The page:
the paradigmatics and syntagmatics of duration

Ok, I’ve finally had to concede defeat with this point. I’ve reserved it a place in Chapter 6 for as long as I could, but it’s just too detailed to fit. But I still like it too much to ditch it, so here it is. Context: should segmental phonology be regarded as a qualitatively separate domain from suprasegmental phonology? Someone who says they should, says so because he thinks suprasegmental features are both paradigmatic and syntagmatic. I say:

There seems to be some confusion in the literature when it is claimed that suprasegmentals are distinguished from segments by being both syntagmatic and paradigmatic (Fox (2000); this differs from Lehiste’s (1970) view that prosody is syntagmatic rather than paradigmatic). Whereas paradigms are lists of interchangeable options, syntagms are collocations; they are as different as the vertical and horizontal axes on a graph, for example, and there does not seem to be a way in which any particular linguistic phenomenon could coherently be described as both syntagmatic and paradigmatic simultaneously.

This seems to be the position of a wide variety of theorists. A very strict separation is maintained between syntagmatic and paradigmatic kinds of analysis among Firthian prosodists, for instance (Lyons 1962, Ogden & Local 1994, Waterson 1987). Although this distinction between syntagmatic ‘prosodies’ and paradigmatic ‘phonematic units’ is admittedly unique to Firthian analyses in many of its elements and implications, the incompatibility of paradigms and syntagms (or rather, more accurately, the incoherence of characterising something as both syntagmatic and paradigmatic) is shared by other very different schools of thought in phonology too. In Trubetzkoy’s case, to pick just one example, it is the phonemes and phonemic relations in a language’s inventory which are paradigmatic, while rules are syntagmatic, but again this formulation seems to clearly preclude the possibility for some phonological feature to be described as both paradigmatic (belonging to the inventory) and simultaneously syntagmatic (a rule); see Cairns (1971).)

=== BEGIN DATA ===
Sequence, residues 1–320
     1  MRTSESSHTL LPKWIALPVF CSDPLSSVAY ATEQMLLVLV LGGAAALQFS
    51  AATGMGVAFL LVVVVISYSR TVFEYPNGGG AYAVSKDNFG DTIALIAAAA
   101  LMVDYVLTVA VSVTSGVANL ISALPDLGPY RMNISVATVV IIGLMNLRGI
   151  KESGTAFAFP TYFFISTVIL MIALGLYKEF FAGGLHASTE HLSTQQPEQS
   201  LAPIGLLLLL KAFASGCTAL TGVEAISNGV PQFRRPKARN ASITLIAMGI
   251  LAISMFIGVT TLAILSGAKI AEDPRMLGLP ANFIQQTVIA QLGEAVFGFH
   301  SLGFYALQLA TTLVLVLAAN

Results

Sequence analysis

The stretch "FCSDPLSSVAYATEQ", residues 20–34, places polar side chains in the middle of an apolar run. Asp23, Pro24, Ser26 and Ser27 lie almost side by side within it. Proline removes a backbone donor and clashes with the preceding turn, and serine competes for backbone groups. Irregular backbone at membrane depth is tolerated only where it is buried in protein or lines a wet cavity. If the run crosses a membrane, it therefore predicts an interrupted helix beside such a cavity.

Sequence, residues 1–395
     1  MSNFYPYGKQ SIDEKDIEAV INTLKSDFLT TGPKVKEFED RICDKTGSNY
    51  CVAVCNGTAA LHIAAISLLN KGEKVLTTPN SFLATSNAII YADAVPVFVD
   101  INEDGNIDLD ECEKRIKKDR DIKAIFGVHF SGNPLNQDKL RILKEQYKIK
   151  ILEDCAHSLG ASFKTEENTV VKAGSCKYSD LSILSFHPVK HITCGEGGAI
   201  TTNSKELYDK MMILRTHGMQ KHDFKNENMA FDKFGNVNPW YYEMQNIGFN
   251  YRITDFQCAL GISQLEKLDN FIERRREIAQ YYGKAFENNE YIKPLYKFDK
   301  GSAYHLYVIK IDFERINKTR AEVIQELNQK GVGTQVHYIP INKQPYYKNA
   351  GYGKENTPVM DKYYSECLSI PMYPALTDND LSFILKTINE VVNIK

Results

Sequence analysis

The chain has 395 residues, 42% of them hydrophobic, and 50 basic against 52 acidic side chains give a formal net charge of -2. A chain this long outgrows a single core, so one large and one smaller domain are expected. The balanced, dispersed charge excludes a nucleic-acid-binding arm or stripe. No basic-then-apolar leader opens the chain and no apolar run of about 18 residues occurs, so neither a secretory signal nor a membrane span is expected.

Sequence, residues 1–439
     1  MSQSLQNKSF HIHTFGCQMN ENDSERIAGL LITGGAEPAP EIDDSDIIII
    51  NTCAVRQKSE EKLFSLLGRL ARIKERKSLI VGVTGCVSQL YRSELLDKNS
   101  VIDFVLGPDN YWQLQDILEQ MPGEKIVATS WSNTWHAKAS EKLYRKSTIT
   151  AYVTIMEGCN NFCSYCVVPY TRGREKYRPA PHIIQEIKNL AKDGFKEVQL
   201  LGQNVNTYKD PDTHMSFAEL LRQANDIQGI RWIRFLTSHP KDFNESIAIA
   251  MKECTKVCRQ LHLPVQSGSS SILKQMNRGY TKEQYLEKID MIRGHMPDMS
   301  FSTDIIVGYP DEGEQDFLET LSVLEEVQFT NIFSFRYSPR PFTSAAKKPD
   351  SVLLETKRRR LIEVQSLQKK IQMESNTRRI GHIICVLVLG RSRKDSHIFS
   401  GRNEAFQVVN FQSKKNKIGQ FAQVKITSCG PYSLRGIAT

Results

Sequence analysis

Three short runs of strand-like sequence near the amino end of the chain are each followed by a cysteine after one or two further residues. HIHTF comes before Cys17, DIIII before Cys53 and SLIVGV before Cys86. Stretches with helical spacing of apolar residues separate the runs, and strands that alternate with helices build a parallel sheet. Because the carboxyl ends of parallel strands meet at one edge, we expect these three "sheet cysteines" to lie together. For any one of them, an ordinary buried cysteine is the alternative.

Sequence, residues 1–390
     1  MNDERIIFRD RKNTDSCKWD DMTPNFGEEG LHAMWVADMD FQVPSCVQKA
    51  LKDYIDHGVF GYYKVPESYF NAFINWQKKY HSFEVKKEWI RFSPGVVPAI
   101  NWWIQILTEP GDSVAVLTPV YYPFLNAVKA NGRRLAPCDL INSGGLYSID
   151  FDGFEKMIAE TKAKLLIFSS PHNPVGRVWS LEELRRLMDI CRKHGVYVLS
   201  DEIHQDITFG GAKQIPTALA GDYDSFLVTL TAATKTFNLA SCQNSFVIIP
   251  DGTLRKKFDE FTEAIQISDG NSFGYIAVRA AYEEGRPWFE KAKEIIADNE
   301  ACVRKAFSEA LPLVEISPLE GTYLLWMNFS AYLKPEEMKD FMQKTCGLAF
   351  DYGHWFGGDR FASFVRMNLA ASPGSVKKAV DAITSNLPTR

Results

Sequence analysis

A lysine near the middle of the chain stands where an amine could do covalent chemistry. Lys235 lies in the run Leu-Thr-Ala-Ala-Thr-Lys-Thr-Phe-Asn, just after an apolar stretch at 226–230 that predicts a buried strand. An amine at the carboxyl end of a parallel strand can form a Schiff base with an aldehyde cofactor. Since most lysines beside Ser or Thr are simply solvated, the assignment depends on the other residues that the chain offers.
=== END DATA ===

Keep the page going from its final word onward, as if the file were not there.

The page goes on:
The specific example which is used in support of the ‘both-and’ claim for prosody is time, or duration (Fox 2000): duration is said to be both a segmental property (in which case it is called ‘length’ in phonology) and also a suprasegmental property (in which case it is called ‘weight’ or ‘quantity’). But this example does not provide evidence that prosodic features can be both syntagmatic and paradigmatic – what it shows is that some acoustic property of the speech stream can be put to use in a language in either or both of these ways. That a single acoustic property of the speech stream can be multi-purpose in a language system is of course not a particularly controversial claim, but it is not a claim which contributes to the argument for or against a qualitative distinction between segmental and suprasegmental features.

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8 thoughts on “the paradigmatics and syntagmatics of duration